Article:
Mar 26, 2019


  • FDA plans closer evaluations of certain materials used to manufacture medical devices marketed in the US.
  • The agency is targeting potential risks of inflammatory reactions in some patients to devices such as breast implants, metal-on-metal joint replacement devices and birth control devices using metal materials.
  • New premarket review requirements as well as post-market surveillance obligations may come from FDA’s plans.

US medical device regulators are planning more focused evaluations of materials used in the manufacture of medical devices for safety issues.

According to a US FDA announcement, the agency acknowledges that despite current safety measures in place for certain implantable devices, “more work needs to be done” to address inflammatory reactions and other health conditions some patients experience after being implanted with these devices. FDA specifically mentions breast implants as well as metal, animal and innovative material components of devices such as metal-on-metal hip implants as warranting further assessment.

“Precision medicine” and changes to FDA’s approach

FDA has shared high-level plans to better mitigate safety risks posed by these implantable devices to some patients, but more specific measures the agency intends to implement have yet to be identified:

  • “Modernizing the regulatory framework” for device material reviews via input and feedback from patients, manufacturers, researchers and healthcare providers;
  • Closer evaluation of certain materials’ potential to cause immune and inflammatory conditions for some patients;
  • Develop methods to identify which patients may be more likely to develop inflammatory reactions to certain devices.

“Development of new tests to identify at-risk patients would help ensure they do not receive implantable devices that contain the material to which they are sensitive, therefore further enhancing patient safety and advance a precision medicine approach to the selection of device interventions,” states FDA in its announcement.

Specific implantable devices and materials FDA is targeting

Breast implants

The agency is conducting ongoing assessments and public meetings to better understand risks linked to breast implants, and has also been involved in establishing two registries to collect real-world data on patients who have developed diseases and conditions associated with these products.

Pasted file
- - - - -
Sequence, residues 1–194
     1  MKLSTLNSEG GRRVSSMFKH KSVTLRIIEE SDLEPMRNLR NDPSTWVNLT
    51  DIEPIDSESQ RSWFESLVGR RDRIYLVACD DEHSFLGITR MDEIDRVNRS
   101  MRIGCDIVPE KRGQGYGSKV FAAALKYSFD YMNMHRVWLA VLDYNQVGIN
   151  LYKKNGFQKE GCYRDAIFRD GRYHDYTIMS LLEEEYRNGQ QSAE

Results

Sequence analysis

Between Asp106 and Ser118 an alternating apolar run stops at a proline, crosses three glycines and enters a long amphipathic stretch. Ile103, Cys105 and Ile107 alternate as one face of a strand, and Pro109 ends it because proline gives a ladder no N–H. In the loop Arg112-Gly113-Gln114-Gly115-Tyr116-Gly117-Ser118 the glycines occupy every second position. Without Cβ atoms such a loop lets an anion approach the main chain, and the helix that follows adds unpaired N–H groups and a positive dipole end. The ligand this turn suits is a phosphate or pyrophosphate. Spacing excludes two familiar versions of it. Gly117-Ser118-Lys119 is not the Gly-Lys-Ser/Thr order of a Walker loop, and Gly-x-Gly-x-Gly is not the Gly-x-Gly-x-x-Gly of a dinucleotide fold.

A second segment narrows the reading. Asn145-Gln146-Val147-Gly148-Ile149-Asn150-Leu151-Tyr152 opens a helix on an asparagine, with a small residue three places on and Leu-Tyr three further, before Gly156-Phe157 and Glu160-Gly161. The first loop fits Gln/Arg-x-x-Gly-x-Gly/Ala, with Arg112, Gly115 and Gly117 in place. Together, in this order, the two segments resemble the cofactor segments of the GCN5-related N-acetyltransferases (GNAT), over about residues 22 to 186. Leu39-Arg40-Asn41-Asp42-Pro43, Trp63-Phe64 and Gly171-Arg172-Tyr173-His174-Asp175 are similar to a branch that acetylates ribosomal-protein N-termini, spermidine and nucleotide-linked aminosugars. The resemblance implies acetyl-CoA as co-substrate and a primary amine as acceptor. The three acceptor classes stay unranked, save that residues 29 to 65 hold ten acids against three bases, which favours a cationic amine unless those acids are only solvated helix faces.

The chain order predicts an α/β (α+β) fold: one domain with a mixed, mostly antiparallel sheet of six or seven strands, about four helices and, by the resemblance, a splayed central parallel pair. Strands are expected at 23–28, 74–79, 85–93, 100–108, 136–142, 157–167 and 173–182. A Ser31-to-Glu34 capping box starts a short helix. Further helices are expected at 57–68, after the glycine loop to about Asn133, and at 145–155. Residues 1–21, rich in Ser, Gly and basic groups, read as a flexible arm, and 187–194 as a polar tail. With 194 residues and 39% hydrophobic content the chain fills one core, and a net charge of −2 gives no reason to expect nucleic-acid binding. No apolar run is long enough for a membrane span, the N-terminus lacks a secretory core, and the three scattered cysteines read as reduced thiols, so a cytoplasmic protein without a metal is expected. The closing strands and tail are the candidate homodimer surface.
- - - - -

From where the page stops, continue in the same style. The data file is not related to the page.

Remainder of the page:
To better assess some patients’ adverse reactions to metal-on-metal hip replacement devices, permanent birth control implants and other devices, FDA states that its current practices to monitor safety and effectiveness, such as reviews of most current scientific evidence as well as the agency’s own adverse event database, may not be sufficient.

  • In the case of implantable birth control products with materials including the metal nitinol, FDA plans to increase post-market surveillance periods from three to five years for patients implanted with these devices to better discern how the product’s materials affect patients’ immune systems, as well as additional blood tests of patients in follow-up visits. The agency also reports plans to publish draft guidance on the use of nitinol in medical devices in 2019.
  • Regarding metal-on-metal hip replacement implants, FDA notes that no such devices are currently approved for sale in the US. However, the regulator requires manufacturers of such devices still implanted in patients to continue meeting post-market surveillance study requirements. Furthermore, FDA is collaborating with standards development entities such as the American Society for Testing and Materials (ASTM) to improve evaluation and review of these devices in the future.

Animal materials

Medical devices including heart valves using materials derived from animal sources pose a risk of transmitting diseases if improperly stored, sterilized or manufactured. FDA has recently published final guidance on recommendations to minimize such risks.

Research on innovative materials

Finally, the Office of Science and Engineering Laboratories (OSEL) within FDA’s Center for Devices and Radiological Health (CDRH) has stepped up research studies to keep pace with and better understand cutting-edge and novel materials used in some devices. Among other issues, OSEL is examining how these materials interact with the human immune system.

Bottom line: Prepare for closer FDA premarket scrutiny

Based on what FDA has laid  out in its announcement, manufacturers utilizing materials identified by the agency should expect closer assessments of their devices during premarket review processes, as well as new post-market surveillance obligations.

Related US FDA medical device regulatory resources from Emergo by UL:

  • US FDA 510(k) consulting for medical device companies
  • ISO 14971 risk management consulting for medical device companies
  • Material and chemical characterization testing for medical devices
  • Medical device mechanical and performance testing
  • Video overview: The US FDA medical device regulatory process
  • Whitepaper: Implementing a medical device post-market surveillance program


  • Stewart Eisenhart